The term bowel obstruction refers to a mechanical blockage of the bowel, whereby a structural pathology physically blocks the passage of intestinal contents. Around 15% of acute abdomen cases are found to have a bowel obstruction. Patients can have bowel obstruction affecting the small bowel, the large bowel, or both.
Once the bowel segment has become occluded, gross dilatation of the proximal limb of the bowel occurs. There becomes an increased peristalsis of the bowel, which in turn leads to secretion of large volumes of electrolyte-rich fluid into the bowel (often termed ‘third spacing’). Urgent fluid resuscitation and a careful fluid balance is required.
*When the bowel is not mechanically blocked but is adynamic and not working properly, this is typically either an ileus or pseudo-obstruction
Closed Loop Obstruction
In patients with a mechanical bowel obstruction, if there is a second separate obstructing point proximally (e.g. a large bowel obstruction with a competent ileocaecal valve), this is termed closed-loop obstruction.
A closed-loop obstruction is a surgical emergency as if not corrected, the bowel will continue to distend within a closed segment of bowel, stretching the bowel wall until it becomes ischaemic and this can further lead to perforation.
The most common causes of bowel obstruction depend on location:
- Small bowel – adhesions or hernia
- Large bowel – malignancy, diverticular disease, or volvulus
The full list of causes of bowel obstruction can otherwise be divided into extramural, intramural, and intraluminal causes (Table 1)
|Gallstone ileus, ingested foreign body, faecal impaction|
|Cancer, inflammatory strictures*, intussusception**, diverticular strictures, Meckel’s diverticulum, lymphoma|
|Hernias, adhesions, peritoneal metastasis, volvulus|
Table 1 – Causes of bowel obstruction *especially in Crohn’s patients **most common in children
Patients with bowel obstruction will present with the cardinal features of bowel obstruction (to varying degrees):
- Abdominal pain – colicky or cramping in nature (secondary to the bowel peristalsis)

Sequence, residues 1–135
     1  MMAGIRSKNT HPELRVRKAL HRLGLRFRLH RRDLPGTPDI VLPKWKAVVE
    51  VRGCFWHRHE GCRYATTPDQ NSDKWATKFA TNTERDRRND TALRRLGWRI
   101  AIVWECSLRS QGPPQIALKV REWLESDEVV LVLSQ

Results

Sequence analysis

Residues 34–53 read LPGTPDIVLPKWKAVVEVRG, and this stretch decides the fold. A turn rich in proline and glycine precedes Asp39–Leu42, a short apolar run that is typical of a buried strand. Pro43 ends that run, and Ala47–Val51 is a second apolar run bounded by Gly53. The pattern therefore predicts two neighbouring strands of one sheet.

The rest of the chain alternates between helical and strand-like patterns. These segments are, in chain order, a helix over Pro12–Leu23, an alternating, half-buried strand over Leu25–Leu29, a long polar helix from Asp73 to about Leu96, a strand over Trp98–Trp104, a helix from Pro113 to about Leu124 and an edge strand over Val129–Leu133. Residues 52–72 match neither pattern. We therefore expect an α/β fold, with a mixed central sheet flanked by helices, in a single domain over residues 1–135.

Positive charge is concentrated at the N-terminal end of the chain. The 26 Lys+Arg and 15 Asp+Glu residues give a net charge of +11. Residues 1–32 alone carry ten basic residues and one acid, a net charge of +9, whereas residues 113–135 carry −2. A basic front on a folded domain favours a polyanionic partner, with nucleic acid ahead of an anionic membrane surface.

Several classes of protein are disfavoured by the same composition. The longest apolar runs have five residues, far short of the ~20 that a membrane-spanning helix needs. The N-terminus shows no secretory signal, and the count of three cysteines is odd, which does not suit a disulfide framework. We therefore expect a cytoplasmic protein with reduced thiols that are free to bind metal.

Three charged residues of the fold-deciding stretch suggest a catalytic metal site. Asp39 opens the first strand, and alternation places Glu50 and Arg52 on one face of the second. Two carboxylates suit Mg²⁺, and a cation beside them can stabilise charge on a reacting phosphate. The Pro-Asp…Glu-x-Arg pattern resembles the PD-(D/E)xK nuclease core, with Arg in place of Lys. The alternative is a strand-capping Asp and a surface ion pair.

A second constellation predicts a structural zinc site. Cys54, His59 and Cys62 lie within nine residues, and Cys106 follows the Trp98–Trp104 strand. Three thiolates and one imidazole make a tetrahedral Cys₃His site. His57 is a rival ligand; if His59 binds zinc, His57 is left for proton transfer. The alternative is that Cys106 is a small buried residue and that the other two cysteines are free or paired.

- Vomiting – occurring early in proximal obstruction and late in distal obstruction
- Abdominal distension
- Absolute constipation – occurring early in distal obstruction and late in proximal obstruction
On examination, patients may show evidence of the underlying cause (e.g. surgical scars, cachexia from malignancy, or obvious hernia) or abdominal distension. Ensure to assess the patient’s fluid status, as significant third-spacing can occur in bowel obstruction.
Palpate for focal tenderness* (including guarding and rebound tenderness on palpation). Percussion may give a tympanic sound and auscultation may reveal ‘tinkling’ bowel sounds, both signs characteristic of bowel obstruction.
*Patients with bowel obstruction may have abdominal tenderness, however should not have features of guarding or rebound tenderness, unless ischaemia is developing
All patients with suspected bowel obstruction require routine urgent bloods on admission, as well as a Group and Save (G&S). Ensure to closely monitor renal function and electrolytes closely, given the risk of third-spacing.
A venous blood gas can be useful to evaluate for end-organ and for the immediate assessment of any metabolic derangement (secondary to dehydration or excessive vomiting).
A CT scan with intravenous contrast of the abdomen and pelvis (Fig. 2) is the imaging modality of choice in suspected bowel obstruction. This will not only confirm the presence of bowel obstruction (versus a pseudo-obstruction or paralytic ileus), but also demonstrate the underlying cause.